Seaver College Student Seeks Medical Applications for Large Language Models
Plagiarism. Cheating. And the future of healthcare.
With ChatGPT, Claude 2, and many other large language models (LLMs) readily accessible to anyone with a computer today, academics have bristled at how students could employ AI to engage in the first two activities. Yet, emerging from the increasingly murky world of academic integrity comes an unexpected result:
Students using these new innovations to improve the latter.
Sean Wu, a junior computer science major at Seaver College, invested his summer vacation in studying how LLMs might be used in the medical field. Specifically, Wu led a team of six other researchers as they tested LLMs’ ability to process detailed medical terminology.
In the midst of this endeavor, the cohort sought to understand how open-source AI programs (whose code can be accessed and manipulated by its users), and closed-source AI programs (like GPT-4, whose code cannot be accessed or manipulated),varied from one another.
With this goal in mind, Wu and his team put a set of AI programs through a series of 858 multiple-choice questions related to nephrology. The insights their study yielded represent a step toward a more integrated and efficient medical training practice.
Wu and his cohort found that open-source LLMs struggled to answer questions correctly. Most of these more accessible programs scored between 17.1 percent and 25.5 percent correct; whereas closed-source programs such as Claude 2 and GPT-4 performed much better, at 54.4 percent and 73.3 percent, respectively. These findings could go on to benefit the medical industry, as practitioners seek new ways to incorporate this burgeoning technology. Two potential uses for AI may come in the form of refined training techniques and enhanced medical copilot applications.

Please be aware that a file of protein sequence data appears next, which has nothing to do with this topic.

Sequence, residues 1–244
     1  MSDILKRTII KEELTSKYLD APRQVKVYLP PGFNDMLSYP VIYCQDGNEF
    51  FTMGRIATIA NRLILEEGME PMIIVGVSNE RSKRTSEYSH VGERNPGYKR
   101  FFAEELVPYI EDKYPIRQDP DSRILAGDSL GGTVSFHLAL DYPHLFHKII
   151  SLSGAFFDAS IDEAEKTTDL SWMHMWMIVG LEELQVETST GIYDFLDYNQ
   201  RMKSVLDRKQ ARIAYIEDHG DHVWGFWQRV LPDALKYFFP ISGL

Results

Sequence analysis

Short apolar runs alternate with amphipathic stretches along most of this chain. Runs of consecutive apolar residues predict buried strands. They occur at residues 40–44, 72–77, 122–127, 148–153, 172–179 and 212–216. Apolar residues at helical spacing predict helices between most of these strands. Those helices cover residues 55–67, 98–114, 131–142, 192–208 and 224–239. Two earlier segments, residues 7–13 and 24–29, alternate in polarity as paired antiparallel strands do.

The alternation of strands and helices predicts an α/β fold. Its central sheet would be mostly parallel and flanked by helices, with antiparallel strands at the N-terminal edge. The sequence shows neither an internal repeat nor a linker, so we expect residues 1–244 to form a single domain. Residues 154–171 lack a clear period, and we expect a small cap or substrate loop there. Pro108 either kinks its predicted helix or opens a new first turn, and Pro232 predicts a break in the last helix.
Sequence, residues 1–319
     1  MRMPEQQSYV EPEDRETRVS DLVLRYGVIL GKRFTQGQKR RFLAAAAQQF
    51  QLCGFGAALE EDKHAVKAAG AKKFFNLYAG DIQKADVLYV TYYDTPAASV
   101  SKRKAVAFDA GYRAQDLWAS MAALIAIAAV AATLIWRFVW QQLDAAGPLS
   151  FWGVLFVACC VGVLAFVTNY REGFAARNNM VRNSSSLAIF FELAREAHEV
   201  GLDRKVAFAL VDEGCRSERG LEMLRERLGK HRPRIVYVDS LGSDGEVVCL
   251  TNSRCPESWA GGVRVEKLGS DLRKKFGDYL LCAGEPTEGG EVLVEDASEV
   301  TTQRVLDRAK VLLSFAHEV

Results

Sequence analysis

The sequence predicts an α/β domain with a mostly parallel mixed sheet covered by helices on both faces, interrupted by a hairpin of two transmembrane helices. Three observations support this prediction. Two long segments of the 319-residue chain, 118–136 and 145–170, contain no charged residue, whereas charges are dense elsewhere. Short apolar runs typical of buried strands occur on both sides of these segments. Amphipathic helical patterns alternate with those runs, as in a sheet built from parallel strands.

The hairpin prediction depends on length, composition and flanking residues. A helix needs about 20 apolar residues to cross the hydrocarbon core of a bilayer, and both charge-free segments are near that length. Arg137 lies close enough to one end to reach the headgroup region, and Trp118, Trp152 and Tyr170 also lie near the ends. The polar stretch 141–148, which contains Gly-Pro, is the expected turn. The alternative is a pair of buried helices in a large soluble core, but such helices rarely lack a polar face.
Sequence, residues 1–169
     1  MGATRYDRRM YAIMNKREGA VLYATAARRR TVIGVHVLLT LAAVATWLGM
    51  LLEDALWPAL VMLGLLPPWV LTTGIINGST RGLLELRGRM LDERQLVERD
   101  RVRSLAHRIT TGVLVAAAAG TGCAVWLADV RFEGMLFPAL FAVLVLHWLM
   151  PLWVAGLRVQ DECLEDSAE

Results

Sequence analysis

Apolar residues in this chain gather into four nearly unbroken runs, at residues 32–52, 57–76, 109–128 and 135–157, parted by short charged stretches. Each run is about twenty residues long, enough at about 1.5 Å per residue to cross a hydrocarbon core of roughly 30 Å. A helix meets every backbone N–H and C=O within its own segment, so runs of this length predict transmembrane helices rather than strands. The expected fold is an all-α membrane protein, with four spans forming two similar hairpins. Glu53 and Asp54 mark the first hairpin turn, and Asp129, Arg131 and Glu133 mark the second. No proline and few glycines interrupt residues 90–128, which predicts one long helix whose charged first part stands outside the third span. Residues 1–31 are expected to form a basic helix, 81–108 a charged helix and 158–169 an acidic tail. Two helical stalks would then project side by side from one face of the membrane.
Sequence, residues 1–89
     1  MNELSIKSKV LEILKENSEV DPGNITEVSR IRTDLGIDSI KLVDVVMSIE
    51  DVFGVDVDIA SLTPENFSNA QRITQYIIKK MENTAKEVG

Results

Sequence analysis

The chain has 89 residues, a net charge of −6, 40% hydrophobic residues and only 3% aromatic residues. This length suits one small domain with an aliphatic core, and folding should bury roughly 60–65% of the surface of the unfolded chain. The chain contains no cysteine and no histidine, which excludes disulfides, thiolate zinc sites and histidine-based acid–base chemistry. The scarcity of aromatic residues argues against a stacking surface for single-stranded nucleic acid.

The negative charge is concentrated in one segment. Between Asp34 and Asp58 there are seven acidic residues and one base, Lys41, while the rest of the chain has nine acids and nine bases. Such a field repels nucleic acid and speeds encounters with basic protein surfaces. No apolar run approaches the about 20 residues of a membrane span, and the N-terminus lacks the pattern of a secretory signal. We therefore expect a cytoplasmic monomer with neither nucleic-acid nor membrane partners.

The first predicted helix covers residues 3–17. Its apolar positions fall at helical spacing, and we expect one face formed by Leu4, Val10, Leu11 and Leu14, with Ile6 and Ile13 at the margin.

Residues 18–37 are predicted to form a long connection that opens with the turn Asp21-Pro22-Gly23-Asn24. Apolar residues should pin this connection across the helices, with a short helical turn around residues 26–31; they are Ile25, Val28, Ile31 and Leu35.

Wu explained that the project was started as a collaboration between the department of nephrology at the University of California, Los Angeles and Fabien Scalzo, associate professor of computer science. Working alongside his professor, Wu was allowed to develop and embark upon a series of research projects in the pursuit of creating a generalized AI medical practitioner.
Now, while his summer research project awaits publication, the computer science major has set his sights on PhD programs —where he hopes to continue integrating AI with medicine.
“I would like to continue conducting research in computer vision and its possible applications to medicine,” Wu says. “Previously, I have worked on such projects in ophthalmology and neuroradiology, so I would love to continue this research direction.”
Thus, while plagiarism, cheating, and academic dishonesty all surround the concept of AI’s integration into higher education, Sean Wu has found a way for these technological developments to encourage personal learning as opposed to diminishing it. And the effects of his curiosity could well go on to affect the future of healthcare.